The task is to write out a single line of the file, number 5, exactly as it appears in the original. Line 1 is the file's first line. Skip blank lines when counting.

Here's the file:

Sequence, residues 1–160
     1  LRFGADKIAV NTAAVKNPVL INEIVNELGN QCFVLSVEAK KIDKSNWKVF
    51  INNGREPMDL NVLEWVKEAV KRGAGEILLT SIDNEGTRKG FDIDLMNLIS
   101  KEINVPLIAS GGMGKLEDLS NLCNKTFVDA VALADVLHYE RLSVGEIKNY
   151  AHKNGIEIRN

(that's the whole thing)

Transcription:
   151  AHKNGIEIRN